"Some rich men came and raped the land,
Nobody caught 'em
Put up a bunch of ugly boxes, and jesus, people bought 'em
And they called it paradise
The place to be... "
- The Eagles, "The Last Resort"
When you live in Massachusetts, you need an escape plan. For many it is
New Hampshire, Florida, the Carolinas, Arizona or Maine.
My dream has been northern Nevada. Not just because my grand-twins live
there, but because I fell in love with it when my son moved there in
1991: The Sierra Nevada rising behind his house, the Pinenut Mountains
across the valley, the river and wide-open spaces in between. Lake Tahoe
to the west, "the loneliest road in America" to the east. Ranches with
cattle, wild horses, llamas, deer without ticks, mountain blue jays, and
The ads ask, "Why Nevada?" and answer their own question: "No state
income tax, low property taxes, no inheritance tax, no franchise tax."
I myself have no interest in the slot machines or, for that matter, Las
Vegas, not to mention legalized prostitution. But I like the fact that
other people's vices pay much of the government's bill. Also like having
the Legislature in session every other year instead of annoying the
populace all the time.
When the Nevada state government raises taxes "temporarily" during an
economic downturn, which usually affects gambling revenues, the
government cuts taxes as soon as the crisis is over. Wow, in the Wild
West, a man's word is his bond, just like in the Zane Grey novels I read
as a kid.
But now I'm not so sure about moving there. For one thing, why exchange
Ted Kennedy for Harry Reid? The woman running for the other Senate seat
in Nevada is also putting a property-tax limit on the ballot; my
retirement would become a busman's holiday!
Also, there were wildfires across Nevada when I was there in June. We
could watch two of them from the front yard, and the air was filled with
smoke. Volunteer firefighters risked their lives, while World War II
bombers dropped animal blood from slaughterhouses on the flames. I think
I prefer nor'easters.
I didn't go out last year because my family came here instead. The
changes, after my hiatus, were startling.
There were always new housing developments, including two sadly named
Wildhorse and Wildflower Ridge, after the wonderful fauna and flora that
once lived free there. But the wide-open spaces are filling up with
these developments, many with walls that are high enough to block the
mountain views. And new tax legislation sharply reduces the property tax
for golf courses around which the new McMansions cluster. Italianate
seems to be the latest trend in architecture, replacing the low-slung
The highway to Reno goes through downtown Carson City, past the
often-quiet Statehouse. You can park and visit the State Museum with its
gun collection and reconstructed dinosaur. But a new highway bypasses
the city. Someone has sculpted "mountains" on the barrier walls that
block the view.
Long-time residents write letters to the editor, complaining that the
natives can no longer afford to buy there. Seems there's an immigration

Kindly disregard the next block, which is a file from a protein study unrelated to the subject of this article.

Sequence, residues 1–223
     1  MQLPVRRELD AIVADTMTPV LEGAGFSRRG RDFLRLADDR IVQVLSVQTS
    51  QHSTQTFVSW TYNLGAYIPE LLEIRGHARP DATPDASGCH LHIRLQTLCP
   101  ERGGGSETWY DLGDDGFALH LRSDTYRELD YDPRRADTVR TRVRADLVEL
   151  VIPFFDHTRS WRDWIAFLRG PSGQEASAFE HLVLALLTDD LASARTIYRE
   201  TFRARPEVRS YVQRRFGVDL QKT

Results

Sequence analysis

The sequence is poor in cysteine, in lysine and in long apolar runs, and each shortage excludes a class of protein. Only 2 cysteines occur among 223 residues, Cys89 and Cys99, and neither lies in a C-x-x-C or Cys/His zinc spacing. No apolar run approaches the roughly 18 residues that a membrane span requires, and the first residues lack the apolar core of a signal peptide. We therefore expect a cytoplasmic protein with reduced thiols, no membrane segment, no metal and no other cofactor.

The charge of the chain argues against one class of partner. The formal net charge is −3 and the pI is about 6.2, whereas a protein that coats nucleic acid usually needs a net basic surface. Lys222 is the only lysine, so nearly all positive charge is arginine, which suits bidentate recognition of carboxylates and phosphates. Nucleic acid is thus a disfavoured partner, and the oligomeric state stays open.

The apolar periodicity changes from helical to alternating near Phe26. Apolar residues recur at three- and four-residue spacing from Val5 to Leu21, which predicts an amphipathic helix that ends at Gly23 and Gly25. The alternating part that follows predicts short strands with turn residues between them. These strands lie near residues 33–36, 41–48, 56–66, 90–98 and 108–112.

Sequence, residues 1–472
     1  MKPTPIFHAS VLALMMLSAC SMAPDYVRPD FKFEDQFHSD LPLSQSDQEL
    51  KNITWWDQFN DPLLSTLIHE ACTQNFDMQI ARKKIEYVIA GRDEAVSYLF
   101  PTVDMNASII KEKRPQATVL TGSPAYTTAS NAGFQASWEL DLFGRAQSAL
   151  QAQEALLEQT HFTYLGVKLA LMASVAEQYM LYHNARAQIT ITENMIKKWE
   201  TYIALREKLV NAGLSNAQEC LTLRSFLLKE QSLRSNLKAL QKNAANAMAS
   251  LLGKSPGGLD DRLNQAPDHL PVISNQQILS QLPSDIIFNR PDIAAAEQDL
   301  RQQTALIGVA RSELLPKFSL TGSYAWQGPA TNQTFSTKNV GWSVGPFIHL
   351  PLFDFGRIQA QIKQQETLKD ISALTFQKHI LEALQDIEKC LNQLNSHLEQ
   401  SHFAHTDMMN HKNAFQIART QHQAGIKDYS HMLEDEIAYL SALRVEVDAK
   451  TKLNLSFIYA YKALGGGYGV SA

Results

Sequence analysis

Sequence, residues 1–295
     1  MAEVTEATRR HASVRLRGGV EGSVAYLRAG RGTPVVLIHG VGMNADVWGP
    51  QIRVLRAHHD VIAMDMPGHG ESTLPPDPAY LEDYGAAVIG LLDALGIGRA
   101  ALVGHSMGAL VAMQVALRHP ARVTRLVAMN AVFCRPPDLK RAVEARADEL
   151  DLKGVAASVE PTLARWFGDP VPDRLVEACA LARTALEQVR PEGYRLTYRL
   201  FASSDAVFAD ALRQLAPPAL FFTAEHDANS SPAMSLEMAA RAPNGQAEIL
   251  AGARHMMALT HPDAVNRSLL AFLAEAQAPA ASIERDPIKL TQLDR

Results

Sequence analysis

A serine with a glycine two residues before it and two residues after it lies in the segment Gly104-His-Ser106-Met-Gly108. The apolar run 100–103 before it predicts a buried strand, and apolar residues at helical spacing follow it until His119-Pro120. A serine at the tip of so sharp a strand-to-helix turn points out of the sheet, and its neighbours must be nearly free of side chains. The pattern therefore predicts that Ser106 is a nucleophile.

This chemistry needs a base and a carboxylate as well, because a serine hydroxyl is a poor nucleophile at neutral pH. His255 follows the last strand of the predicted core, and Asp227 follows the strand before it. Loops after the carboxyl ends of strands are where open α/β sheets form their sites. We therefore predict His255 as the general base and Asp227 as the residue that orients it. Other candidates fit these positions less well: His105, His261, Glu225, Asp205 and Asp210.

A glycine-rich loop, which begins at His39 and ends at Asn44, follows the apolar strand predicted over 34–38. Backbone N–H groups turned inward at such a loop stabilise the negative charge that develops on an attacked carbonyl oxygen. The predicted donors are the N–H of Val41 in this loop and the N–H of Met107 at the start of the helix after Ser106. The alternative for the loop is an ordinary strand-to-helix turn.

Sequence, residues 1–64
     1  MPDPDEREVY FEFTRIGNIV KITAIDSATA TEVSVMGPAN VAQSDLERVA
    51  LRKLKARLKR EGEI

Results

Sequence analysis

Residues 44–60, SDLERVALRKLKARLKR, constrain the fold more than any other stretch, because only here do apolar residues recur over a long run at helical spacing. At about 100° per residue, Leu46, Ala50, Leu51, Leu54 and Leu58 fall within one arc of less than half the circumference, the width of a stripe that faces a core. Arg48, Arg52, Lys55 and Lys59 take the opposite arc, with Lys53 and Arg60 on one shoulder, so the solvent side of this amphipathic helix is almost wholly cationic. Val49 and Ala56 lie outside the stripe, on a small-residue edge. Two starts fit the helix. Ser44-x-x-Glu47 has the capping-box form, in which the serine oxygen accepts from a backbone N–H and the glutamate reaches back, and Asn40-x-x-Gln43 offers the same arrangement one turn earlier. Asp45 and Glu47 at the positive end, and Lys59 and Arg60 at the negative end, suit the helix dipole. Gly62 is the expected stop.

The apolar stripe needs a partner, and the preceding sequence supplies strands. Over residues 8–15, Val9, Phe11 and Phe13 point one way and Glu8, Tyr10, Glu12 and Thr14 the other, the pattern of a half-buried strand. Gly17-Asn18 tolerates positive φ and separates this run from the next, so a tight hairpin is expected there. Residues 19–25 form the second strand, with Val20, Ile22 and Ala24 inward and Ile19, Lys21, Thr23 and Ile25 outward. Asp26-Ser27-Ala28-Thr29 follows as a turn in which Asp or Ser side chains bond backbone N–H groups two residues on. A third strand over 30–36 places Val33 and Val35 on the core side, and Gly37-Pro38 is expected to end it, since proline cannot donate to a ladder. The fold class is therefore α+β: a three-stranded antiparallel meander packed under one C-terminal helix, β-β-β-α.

problem: No, not Mexicans, but Californians and people from back East
who sell their houses in a hot market, then drive up the prices in
Nevada, which compare to the prices in Marblehead. So "more" homes
doesn't necessarily mean more "affordable" homes.
One big new house on a mountain slope is so ugly that one notes, with
optimism, that it is sitting on an earthquake fault. One hopes, of
course, that no one is home when the land shifts: bad taste isn't a
But you wonder, as you wonder sometimes here, why people squeeze so much
house onto tiny lots. Then you imagine good reasons: They are planning
big families, making space for the in-laws, creating home offices so
they don't have to commute to Boston. Some like to entertain indoors, or
have art and antique collections to display.
Someone recently shared an interesting and amusing theory: The only way
some baby boomers can stand their spouses and kids is if they have
separate living spaces in the same building! I myself can no longer
imagine living in a house with even one other person, and only one bath
and television. Are we spoiled or what?
Another problem with my escape plan is that if I move, my own little
cottage in Marblehead with its front porch will be torn down, and a
McMansion built over it and my wildflower garden. The coreopsis,
daisies, columbine, yarrow and echinaceas will never again enjoy the
sunlight. Like the Little Prince with his rose, I feel responsible
somehow for what is mine.
I'm aware, of course, that the land on which my house sits was once the
edge of an Indian village. My entire yard would be a meadow if I stopped
I don't really mind being crowded and tamed here. But somehow it seems
that the West should still be wild.
"They call it paradise
I don't know why.
You call someplace paradise,
Kiss it good-bye."
Barbara Anderson is executive director of Citizens for Limited Taxation. Her syndicated columns appear weekly in the Salem
News, Newburyport Times, Gloucester Times, (Lawrence) Eagle-Tribune, and Lowell Sun; bi-weekly in the Tinytown Gazette; and occasionally in the Providence
Journal and other newspapers.